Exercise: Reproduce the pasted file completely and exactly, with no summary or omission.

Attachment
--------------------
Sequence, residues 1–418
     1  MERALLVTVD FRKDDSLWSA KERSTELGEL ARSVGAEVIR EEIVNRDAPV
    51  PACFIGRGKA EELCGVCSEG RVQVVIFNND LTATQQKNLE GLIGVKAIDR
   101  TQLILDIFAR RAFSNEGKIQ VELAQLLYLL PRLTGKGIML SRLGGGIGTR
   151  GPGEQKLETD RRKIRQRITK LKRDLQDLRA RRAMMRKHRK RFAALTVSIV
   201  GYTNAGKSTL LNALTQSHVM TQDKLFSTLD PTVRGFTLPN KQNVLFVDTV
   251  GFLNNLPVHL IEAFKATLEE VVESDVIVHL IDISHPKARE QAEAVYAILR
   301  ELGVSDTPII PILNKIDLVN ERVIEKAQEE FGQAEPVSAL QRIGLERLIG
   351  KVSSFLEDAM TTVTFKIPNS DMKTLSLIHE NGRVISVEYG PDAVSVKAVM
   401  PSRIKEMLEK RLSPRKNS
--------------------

Sequence, residues 1–418
     1  MERALLVTVD FRKDDSLWSA KERSTELGEL ARSVGAEVIR EEIVNRDAPV
    51  PACFIGRGKA EELCGVCSEG RVQVVIFNND LTATQQKNLE GLIGVKAIDR
   101  TQLILDIFAR RAFSNEGKIQ VELAQLLYLL PRLTGKGIML SRLGGGIGTR
   151  GPGEQKLETD RRKIRQRITK LKRDLQDLRA RRAMMRKHRK RFAALTVSIV
   201  GYTNAGKSTL LNALTQSHVM TQDKLFSTLD PTVRGFTLPN KQNVLFVDTV
   251  GFLNNLPVHL IEAFKATLEE VVESDVIVHL IDISHPKARE QAEAVYAILR
   301  ELGVSDTPII PILNKIDLVN ERVIEKAQEE FGQAEPVSAL QRIGLERLIG
   351  KVSSFLEDAM TTVTFKIPNS DMKTLSLIHE NGRVISVEYG PDAVSVKAVM
   401  PSRIKEMLEK RLSPRKNS